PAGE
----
The Prison Entrepreneurship Program (PEP) is a Houston-based 501(c) (3) nonprofit organization that was established in 2004. At PEP, they are servant leaders on a mission to transform inmates to executives by unlocking human potential through entrepreneurial passion, education and mentoring. Their groundbreaking results include a return-to-prison rate of less than 7%, an employment rate of 100% within 90 days of release and over 185 businesses launched by graduates of the program. They have pioneered innovative programs that connect the nation’s top executives, entrepreneurs and MBA students with convicted felons.

PEP’s team knows from experience that prison is a storehouse of untapped potential. Many inmates come to prison as seasoned entrepreneurs who happened to run illegitimate businesses. Once equipped with education and life skills training, the ROI potential for the truly reformed prisoner, his family and his community is limitless.

Charles Hearne is the Houston Executive Relations Manager for PEP, and believes the program continues to make a great impact in our communities.

“Our entrepreneurship boot camp and re-entry programs, which include spiritual and character development courses, are proven for maximizing self-sufficiency and transforming broken lives,” said Hearne.

Former Wall Street professional Catherine Rohr founded PEP in May of 2004 after she toured a prison and noticed that executives and inmates had more in common than most would think. They know how to manage others to get things done.

Rohr wondered what would happen if inmates who were committed to their own transformation were equipped to start and run legitimate companies. Following an unusual calling, Rohr left behind her New York career and financial stability, moved to Texas started a one-of-a-kind “behind bars” business plan competition. Her efforts were geared toward channeling the entrepreneurial passions and influential personalities of the inmates—intentionally recruiting former gang leaders, drug dealers and hustlers.

She quickly realized the entrepreneurial ability of the men inside of those prisons and wanted a way to show how successful those men could be on the other side if they were cultivated correctly.

Even the most unsophisticated drug dealers inherently understand business concepts such as competition, profitability, risk management and proprietary sales channels. For both executives and inmates, passion is instinctive.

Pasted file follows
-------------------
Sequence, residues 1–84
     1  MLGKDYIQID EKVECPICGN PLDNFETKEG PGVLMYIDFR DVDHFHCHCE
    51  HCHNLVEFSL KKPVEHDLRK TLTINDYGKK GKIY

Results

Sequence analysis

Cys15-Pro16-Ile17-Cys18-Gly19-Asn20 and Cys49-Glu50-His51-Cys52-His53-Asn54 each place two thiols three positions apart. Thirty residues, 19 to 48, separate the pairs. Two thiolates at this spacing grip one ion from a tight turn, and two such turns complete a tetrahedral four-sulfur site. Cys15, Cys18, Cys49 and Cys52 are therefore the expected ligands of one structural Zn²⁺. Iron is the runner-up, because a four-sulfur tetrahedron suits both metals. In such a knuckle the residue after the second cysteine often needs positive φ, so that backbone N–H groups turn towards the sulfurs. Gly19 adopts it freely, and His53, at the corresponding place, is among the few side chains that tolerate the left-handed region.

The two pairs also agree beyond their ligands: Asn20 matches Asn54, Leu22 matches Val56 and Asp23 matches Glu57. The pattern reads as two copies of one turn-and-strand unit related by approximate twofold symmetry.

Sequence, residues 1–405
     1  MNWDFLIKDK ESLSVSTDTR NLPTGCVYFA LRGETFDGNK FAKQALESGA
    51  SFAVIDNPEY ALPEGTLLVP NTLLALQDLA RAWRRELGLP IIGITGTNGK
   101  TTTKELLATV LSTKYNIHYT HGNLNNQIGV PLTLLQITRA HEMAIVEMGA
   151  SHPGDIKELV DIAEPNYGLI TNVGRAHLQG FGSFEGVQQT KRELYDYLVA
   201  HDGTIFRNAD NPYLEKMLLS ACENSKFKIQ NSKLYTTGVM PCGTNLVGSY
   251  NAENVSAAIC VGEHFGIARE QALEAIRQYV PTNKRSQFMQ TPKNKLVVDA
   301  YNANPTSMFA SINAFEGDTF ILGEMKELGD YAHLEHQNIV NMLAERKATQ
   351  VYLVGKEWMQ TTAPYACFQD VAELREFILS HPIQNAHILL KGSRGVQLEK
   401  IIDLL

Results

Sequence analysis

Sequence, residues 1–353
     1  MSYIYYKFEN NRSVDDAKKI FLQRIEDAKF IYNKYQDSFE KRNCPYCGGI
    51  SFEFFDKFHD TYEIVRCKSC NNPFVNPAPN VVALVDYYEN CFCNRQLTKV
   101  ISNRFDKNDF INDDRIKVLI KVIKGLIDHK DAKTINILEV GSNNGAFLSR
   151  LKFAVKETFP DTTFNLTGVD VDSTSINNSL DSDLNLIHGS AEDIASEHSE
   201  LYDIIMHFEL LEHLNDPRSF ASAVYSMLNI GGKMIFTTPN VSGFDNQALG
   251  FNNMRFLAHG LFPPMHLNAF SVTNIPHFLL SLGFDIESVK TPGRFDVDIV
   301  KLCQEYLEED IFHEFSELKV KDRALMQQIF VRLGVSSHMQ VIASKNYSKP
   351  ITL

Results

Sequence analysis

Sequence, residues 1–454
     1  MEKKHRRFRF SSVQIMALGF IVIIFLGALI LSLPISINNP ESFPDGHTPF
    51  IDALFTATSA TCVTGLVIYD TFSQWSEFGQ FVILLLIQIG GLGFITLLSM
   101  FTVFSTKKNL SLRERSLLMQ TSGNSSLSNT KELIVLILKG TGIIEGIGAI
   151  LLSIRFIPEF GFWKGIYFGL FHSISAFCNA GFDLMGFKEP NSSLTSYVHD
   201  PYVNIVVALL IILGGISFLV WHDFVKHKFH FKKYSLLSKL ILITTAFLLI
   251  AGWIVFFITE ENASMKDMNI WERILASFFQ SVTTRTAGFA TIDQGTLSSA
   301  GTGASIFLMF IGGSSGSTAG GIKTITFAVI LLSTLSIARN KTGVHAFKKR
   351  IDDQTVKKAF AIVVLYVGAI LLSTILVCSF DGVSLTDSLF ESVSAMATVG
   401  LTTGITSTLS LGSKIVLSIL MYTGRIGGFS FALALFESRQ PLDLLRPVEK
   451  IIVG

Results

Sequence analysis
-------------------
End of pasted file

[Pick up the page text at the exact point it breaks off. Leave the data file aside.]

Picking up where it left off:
The overwhelming response of 55 inmates and 15 world-class executives to judge the business plans and presentations was the catalyst to launch the Prison Entrepreneurship Program.

While Rohr resigned in 2009, the organization has continued to grow and prosper. PEP now graduates more men than ever before, and the results are better than ever and remain the best in the prison rehabilitation field.

PEP has been picking up steam and has come a long way since 2004. Although based in Cleveland, TX, PEP is associated with prisons in other states that have embraced this revolutionary idea.

“The goal is to affect the tipping point in Texas prisons,” said Hearne. “About 43,000 men are released throughout the year in Texas prisons. We want to be in a situation where we are affecting about 10 percent of those men. So essentially we want to affect about 4,300 men a year.”

PEP has only two units and roughly graduates 300 men per year. Although they have not fully met their target goal, they are getting closer.

Many of the men who go through PEP have amazing ideas. Some have wanted to open meat markets, while others have wanted to open pool companies.

“Some of the men have actually owned businesses before and already have legitimate business knowledge,” said Hearne. “Those men would take their own business plan, revamp it and use that information and knowledge to build a business they already had information on.”

PEP has established more than 200 different businesses, and of those 200, at least 6 of them will be performing at the million dollar revenue range by the end of the year.

A true testimony on how PEP has helped different individuals get up after being knocked down in life is Hearne, who not only serves as the Executive Relations Manager, but is also a former participant in the Prison Entrepreneurship Program.